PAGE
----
14-3-3 directly interacts with the kinase domain of CaMKK1 and inhibits calmodulin binding

O. Petrvalska1, V. Obsilova1, T. Obsil2

1Department of Structural Biology of Signaling Proteins, Division BIOCEV, Institute of Physiology of the Czech Academy of Sciences, 252 50 Vestec, Czech Republic

2Department of Physical and Macromolecular Chemistry, Faculty of Science, Charles University, Prague, Czech Republic




The calcium/calmodulin-dependent kinases (CaMK) are of great interest due to their important functions in calcium signalling and especially in neuronal development [1]. Calcium/calmodulin-dependent kinase kinase 1 (CaMKK1) is a member of the CaMK family and it was shown that the phosphorylation at Thr108 and Ser458 residues by the cAMP-dependent protein kinase (PKA) directly inhibits its activity, whereas phosphorylation at Ser74 and Ser475 induces binding to the 14-3-3 protein [2,3]. The 14-3-3 is a family of regulatory proteins, which bind to other proteins in a phosphorylation dependent manner [4]. The binding of 14-3-3 to CaMKK1 via PKA phosphorylation is known to suppress CaMKK1 activity [2,3], but the underlying mechanism has not yet been described. Our research aimed to unravel this mechanism.


We analysed the structure of a complex formed between CaMKK1, phosphorylated at four different PKA sites, and a C-terminally-truncated version of the γ isoform of the 14-3-3 protein (14-3-3γ ΔC). Using hydrogen/deuterium exchange coupled to mass spectrometry, we show that 14-3-3γ ΔC binding alters the protein structure of the phosphorylated CaMKK1 in multiple regions. First, the the N- and C-terminal segments, which contain phosphorylation sites responsible for 14‑3‑3 binding. Second, the N‑lobe of the kinase domain, which is in close proximity to the CaMKK1 active site. Third, the region around the calcium binding domain. Additional small angle X-ray scattering (SAXS) and chemical cross-linking analyses revealed that the CaMKK1:14-3-3γ ΔC complex is dynamic and conformationally heterogeneous.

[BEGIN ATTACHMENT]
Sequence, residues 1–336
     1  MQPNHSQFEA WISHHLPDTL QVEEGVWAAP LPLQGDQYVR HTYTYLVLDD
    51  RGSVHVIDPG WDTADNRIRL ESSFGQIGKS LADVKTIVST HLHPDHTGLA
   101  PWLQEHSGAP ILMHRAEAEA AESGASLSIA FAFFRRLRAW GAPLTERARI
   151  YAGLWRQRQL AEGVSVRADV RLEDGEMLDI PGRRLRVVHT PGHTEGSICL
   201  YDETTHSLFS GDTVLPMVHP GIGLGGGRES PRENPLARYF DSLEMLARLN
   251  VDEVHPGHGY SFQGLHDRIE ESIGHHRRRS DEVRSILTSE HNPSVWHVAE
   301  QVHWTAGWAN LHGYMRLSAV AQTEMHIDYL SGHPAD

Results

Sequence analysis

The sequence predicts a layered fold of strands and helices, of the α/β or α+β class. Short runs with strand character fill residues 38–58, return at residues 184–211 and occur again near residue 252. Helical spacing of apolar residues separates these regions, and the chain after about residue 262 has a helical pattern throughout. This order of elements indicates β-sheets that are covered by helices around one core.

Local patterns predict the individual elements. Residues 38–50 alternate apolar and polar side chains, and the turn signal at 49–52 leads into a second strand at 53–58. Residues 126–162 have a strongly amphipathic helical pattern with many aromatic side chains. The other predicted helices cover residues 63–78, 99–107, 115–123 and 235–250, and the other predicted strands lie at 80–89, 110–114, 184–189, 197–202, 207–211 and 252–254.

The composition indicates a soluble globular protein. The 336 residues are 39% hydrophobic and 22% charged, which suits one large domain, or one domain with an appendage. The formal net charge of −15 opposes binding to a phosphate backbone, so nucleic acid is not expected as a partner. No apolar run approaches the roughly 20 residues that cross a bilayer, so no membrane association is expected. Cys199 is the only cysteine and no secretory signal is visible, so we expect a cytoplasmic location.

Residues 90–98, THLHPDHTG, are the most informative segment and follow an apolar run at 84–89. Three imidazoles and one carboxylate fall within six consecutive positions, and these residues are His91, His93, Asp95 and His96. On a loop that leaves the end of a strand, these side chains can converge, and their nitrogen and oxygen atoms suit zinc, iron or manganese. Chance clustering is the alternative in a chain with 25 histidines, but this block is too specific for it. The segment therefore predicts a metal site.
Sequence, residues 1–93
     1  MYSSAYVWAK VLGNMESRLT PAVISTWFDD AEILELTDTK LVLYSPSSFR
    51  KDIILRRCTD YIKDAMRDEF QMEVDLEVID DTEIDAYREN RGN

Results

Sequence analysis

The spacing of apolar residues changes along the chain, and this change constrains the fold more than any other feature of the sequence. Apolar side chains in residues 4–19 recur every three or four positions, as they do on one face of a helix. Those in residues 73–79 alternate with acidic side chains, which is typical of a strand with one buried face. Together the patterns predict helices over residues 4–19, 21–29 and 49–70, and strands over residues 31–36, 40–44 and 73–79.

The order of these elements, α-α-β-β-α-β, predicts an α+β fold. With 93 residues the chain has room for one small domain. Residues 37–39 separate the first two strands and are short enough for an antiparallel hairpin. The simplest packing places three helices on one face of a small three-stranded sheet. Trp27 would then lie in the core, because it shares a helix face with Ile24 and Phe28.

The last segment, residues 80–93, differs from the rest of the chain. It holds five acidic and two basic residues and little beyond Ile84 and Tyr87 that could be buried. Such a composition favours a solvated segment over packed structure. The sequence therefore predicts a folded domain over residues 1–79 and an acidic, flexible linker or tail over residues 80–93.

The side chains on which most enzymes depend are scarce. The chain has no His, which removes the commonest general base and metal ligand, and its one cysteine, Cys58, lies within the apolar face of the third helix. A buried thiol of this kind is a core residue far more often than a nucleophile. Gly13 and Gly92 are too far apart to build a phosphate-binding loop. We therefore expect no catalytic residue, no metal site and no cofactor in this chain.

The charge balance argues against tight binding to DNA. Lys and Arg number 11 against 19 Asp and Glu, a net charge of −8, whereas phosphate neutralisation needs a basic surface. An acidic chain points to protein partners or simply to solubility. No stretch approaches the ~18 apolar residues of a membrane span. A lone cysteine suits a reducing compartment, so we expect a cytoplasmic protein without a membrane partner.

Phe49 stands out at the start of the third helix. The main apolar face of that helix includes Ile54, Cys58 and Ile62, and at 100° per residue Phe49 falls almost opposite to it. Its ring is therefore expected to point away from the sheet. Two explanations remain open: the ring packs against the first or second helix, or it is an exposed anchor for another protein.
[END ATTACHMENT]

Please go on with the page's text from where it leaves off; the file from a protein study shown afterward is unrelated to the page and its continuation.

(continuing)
These findings suggest that the 14-3-3 protein-dependent inhibition of CaMKK1 may be explained by structural changes in both the catalytic and calcium binding domains. The 14-3-3:CaMKK1 complex formation might interfere with the access of Ca2+/CaM to the CaMKK1 calmodulin-binding domain and/or promote interaction between the autoinhibitory domain and the catalytic domain, thus inhibiting CaMKK1. To test the former hypothesis, we performed fluorescence anisotropy measurements using dansyl-tagged calmodulin. We revealed that while CaMKK1 binds to dansyl-calmodulin with a KD of ~mM, no binding is observed in the CaMKK1:14-3-3γ ΔC complex.


1. S. Takemoto-Kimura, K. Suzuki, S. Horigane, S. Kamijo, M. Inoue, M. Sakamoto, H. Fujii, H. Bito, J. Neurochem., 141, (2017), 808818.

2. M. A. Davare, T. Saneyoshi, E. S. Guire, S. C. Nygaard, T. R. Soderling, J. Biol. Chem., 279(50), (2004), 5219152199.

3. T. Ichimura, M. Taoka, Y. Hozumi, K. Goto, H. Tokumitsu, FEBS Letters, 582(5), (2008) 661/665.

4. T. Obsil, V. Obsilova, Semin. Cell Dev. Biol, 22(7), (2011), 663672.

This study was supported by Czech Science Foundation (Projects 19-00121S).